- GOVERNANCE, POLITICS, SOCIETY

PIGB: The Case for the President’s Assent

When you are the president of a country, your signature has extraordinary force. A stroke of your pen can dismantle decades-old monuments. Your imprimatur can change the narrative of a generation.

The most important piece of legislation President Buhari will ever sign is lying on his desk. It is the Petroleum Industry Governance Bill (PIGB). Whether he assents to the Bill or not, will determine, to a great extent, the success and sustainability of his war against corruption.

The biggest corruption cases in Nigeria develop from the matrix of the petroleum industry. This owes a lot to the flaws of the governance structure of the industry. Its architecture is adamantly obscurantist. It is antithetical to transparency and accountability. It provides an ideal ambience for the prevalence of the norm of endemic stealing.

The PIGB represents an attempt to modernize the Oil and Gas sector and nudge it towards conformity with best international practices. The Bill specifies strong governance and institutional frameworks for the Nigerian petroleum industry. Boiled down to its essence, it eradicates the climate of opportunities for grand corruption and establishes impersonal bulwarks against sharp practices so as to deliver better economic outcomes for all stakeholders.

Nigeria is a textbook example of irony: a rich country and pauperized citizenry. Nigerian petroleum resources have mostly benefited a clique of public officials on a relay race of primitive acquisition. While they get richer, the rest of the people get poorer and the host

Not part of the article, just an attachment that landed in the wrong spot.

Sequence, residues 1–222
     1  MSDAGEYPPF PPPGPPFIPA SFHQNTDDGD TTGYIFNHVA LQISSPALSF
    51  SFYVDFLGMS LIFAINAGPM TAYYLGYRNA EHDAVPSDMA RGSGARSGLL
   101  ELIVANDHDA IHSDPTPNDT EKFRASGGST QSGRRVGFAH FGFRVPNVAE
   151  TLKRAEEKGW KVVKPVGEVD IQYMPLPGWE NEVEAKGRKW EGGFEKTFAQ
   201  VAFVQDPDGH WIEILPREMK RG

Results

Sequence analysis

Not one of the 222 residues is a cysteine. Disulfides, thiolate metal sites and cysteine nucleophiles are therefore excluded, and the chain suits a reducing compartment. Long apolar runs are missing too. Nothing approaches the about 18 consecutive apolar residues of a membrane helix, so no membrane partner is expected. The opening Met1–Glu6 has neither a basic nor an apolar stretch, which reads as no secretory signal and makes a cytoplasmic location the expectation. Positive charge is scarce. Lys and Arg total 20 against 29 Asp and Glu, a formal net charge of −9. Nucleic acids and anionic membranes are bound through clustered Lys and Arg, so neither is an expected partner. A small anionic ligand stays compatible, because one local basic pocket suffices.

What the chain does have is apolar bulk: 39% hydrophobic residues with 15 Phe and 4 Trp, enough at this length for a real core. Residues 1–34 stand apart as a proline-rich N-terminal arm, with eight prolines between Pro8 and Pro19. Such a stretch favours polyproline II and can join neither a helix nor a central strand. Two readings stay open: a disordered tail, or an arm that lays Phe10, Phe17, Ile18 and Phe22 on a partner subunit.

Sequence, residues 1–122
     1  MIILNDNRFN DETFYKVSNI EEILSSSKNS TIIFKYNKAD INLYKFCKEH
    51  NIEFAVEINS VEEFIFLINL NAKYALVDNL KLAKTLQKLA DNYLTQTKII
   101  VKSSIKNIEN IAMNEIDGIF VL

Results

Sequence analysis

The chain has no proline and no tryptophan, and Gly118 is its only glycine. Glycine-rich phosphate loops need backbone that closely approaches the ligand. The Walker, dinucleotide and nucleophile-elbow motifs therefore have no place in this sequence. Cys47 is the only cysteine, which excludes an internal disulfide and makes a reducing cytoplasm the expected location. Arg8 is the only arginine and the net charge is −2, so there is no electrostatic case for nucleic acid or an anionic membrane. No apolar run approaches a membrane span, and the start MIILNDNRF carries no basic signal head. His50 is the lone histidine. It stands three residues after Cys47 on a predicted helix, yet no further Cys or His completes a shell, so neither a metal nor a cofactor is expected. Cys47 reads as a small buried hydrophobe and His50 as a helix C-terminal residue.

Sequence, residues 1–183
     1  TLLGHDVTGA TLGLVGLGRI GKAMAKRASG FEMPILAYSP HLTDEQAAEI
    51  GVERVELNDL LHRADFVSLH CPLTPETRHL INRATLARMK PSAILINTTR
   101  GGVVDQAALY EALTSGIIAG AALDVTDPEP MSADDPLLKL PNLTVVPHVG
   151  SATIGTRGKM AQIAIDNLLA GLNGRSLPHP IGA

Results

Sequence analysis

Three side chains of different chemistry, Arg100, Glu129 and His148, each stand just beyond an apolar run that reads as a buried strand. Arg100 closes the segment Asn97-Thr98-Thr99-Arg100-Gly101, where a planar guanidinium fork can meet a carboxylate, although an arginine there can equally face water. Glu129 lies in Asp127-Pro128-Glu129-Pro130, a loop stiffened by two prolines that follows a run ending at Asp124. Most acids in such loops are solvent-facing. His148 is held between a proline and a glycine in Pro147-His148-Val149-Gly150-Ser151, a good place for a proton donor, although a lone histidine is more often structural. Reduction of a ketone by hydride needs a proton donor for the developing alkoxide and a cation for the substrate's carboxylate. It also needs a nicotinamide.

communities grows more inhabitable.

The root of the problem is Nigerian laws. The Petroleum Act of 1969 and other extant laws which govern the Nigerian petroleum industry are a ridiculous recipe for sleaze.  Under the current regime of laws, the minister of petroleum resources is vested with extensive discretionary powers. He awards Oil Prospecting Licenses, Oil Mining Licenses,
pipeline licenses and refinery licenses. He is the de jure Chairman of the Nigerian National Petroleum Corporation (NNPC). He decides who gets what, how and when.

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The ministry of petroleum resources is the most coveted portfolio in the Federal Executive Council. The minister of petroleum resources is the number one ‘’juicy’’ political appointment in Nigeria. He has the carte blanche to make just about anybody rich.

In the current scheme of things, the petroleum industry is an annex of the presidency. The president loans the ministry to his most trusted surrogate. He micromanages the industry by manipulating the puppet who is beholden to him.